A couple of days ago marked the eighth anniversary of the death of Hungarian composer György Ligeti. To mark the event, and also begin a new occasional series on 5:4, i’d like to take a brief look back at one of the more enigmatic works of Ligeti’s career. Poème symphonique was composed in 1962, and is as much a piece of performance art as a musical composition. The performance specification is relatively straightforward: 100 mechanical metronomes are required, operated by 10 players, each metronome fully wound and set to its own tempo; all 100 are then released and allowed to tick freely until their mechanisms wind down. and that’s it, except your problems begin immediately, procuring and assembling 100 metronomes at one time and place being the most obvious. Not entirely surprisingly, the first performance triggered a fair amount of controversy, being as it was part of an official reception at the closing event of the 1963 Gaudeamus Courses and Concerts of New Music, in Hilversum, the Netherlands, an event involving local dignitaries and which was to be televised the following day. During the performance, protests broke out, and the broadcast never took place.
The piece is another example of a recurring theme in Ligeti’s work, that of multiple, very similar lines moving not quite at the same speed, creating a dense mass of material where the overall effect – of a texture with a particular kind of intrinsic behaviour and timbral quality – is of greater importance than the individual lines that comprise it. Ligeti often resorted to concentric tuplet relationships to achieve this effect, as seen in this short excerpt from his orchestral work Atmosphères, composed the previous year (click to enlarge).
This approach involves a predictable kind of periodicity, as each instrument is rhythmically united at the start of each bar, but in Poème symphonique, the unique mechanical nature of each metronome’s internal mechanism slowly winding down, plus the inherent inaccuracies in any mechanical system, results in a fascinating indeterminate synchronicity. Initially, the effect of 100 metronomes ticking their respective – and, if the players have done their job well, unique – tempi is an overwhelmingly dense morass of impacts, not dissimilar from the noise of a hailstorm or the interior of an ant-hill (trust me). However, this flat wall of noise gradually becomes shaped and punctuated by gaps in the texture and clusters of ticks accumulating at one point (together sounding like the irregular cranking of a ratchet). The random way this plays out is what makes Poème symphonique such a hypnotically engaging piece, and with its entropic nature one can hear it as a sonic representation of any number of scientific phenomena, including one of the postulated ultimate ends of the universe. One could even make a fanciful leap and hear the work as a wry comment (coming from a Hungarian Jew who barely survived the Second World War) on how all doggedly mechanistic systems, one day, fall apart. Or one can simply hear it on its own terms, a frankly rather ludicrous assemblage of rhythmic complexities that repeatedly invite and then thwart all and any attempts to get into its groove. Take your pick.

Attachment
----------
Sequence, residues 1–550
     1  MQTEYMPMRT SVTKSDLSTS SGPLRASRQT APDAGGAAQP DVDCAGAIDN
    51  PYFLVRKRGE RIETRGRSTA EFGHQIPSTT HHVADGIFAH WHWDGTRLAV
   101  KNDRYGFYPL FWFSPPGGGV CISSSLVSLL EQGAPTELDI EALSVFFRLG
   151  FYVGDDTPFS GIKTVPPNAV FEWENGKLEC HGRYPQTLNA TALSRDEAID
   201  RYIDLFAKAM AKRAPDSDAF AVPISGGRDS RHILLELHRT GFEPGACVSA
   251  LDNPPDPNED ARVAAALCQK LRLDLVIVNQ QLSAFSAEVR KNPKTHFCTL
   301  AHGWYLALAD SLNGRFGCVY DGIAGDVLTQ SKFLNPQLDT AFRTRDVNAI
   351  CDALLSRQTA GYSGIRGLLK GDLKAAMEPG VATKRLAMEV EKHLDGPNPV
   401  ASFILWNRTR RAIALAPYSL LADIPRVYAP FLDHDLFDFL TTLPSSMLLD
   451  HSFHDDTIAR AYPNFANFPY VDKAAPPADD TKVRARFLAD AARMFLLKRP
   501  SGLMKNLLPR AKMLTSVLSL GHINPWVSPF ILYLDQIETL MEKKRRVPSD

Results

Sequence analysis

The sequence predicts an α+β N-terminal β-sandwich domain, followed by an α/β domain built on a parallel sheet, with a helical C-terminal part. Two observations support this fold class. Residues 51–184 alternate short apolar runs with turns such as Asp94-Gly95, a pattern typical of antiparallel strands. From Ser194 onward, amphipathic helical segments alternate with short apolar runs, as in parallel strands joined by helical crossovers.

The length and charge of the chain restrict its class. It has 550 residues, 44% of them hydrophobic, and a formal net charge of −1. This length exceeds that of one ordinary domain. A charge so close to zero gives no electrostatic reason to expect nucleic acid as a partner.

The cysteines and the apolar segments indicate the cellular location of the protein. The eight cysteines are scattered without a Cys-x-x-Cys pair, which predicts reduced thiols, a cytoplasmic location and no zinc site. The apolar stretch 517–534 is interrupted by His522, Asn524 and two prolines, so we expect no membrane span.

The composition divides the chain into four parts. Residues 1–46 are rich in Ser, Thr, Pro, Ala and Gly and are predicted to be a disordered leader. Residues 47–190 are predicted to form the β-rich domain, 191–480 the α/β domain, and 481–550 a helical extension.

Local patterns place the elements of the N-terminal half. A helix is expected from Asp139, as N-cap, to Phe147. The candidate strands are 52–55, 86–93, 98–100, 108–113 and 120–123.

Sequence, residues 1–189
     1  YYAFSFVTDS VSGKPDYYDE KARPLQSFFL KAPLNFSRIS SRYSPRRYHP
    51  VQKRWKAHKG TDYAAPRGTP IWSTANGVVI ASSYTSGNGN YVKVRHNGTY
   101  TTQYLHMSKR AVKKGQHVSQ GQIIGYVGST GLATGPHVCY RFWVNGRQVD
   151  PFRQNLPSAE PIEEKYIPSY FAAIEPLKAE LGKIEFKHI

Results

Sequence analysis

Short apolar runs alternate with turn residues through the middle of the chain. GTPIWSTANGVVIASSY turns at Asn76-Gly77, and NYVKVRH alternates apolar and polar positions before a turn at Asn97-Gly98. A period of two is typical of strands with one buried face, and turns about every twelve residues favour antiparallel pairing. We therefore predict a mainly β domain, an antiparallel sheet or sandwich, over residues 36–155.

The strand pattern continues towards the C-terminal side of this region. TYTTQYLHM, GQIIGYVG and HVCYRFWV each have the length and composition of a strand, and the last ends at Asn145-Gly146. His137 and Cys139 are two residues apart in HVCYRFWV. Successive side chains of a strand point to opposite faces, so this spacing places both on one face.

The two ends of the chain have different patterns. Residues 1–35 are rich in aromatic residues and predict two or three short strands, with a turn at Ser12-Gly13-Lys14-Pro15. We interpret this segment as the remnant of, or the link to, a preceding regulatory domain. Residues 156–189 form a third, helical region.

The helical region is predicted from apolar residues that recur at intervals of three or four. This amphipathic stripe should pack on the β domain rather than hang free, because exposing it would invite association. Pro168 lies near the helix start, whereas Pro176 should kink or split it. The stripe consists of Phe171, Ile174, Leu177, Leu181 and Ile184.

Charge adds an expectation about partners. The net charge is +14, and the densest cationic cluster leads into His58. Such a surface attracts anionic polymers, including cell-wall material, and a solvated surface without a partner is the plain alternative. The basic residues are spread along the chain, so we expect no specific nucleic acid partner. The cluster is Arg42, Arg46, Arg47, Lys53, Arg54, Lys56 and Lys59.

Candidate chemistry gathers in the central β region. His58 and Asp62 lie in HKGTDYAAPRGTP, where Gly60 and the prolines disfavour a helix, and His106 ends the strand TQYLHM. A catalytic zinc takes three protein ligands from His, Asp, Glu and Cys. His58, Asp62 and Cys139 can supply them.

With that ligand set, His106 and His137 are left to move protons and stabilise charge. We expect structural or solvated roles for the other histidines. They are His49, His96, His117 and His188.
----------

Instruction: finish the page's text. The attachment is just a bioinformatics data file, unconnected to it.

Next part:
This rare performance of the piece took place at the start of a concert given by the London Sinfonietta during the 2012 Proms season.
I should add as well that it is amazing to watch as I saw it once performed by the LS at the Sydney Opera House and was mesmerised by the way that the tiny waving arms made “mexican wave” movements across the podium. I was also amused by how quiet the piece is. It’s actually like looking at grass blown by the wind. It confirmed my thought that Ligeti is probably one of the most multifaceted composers of the 20th Century.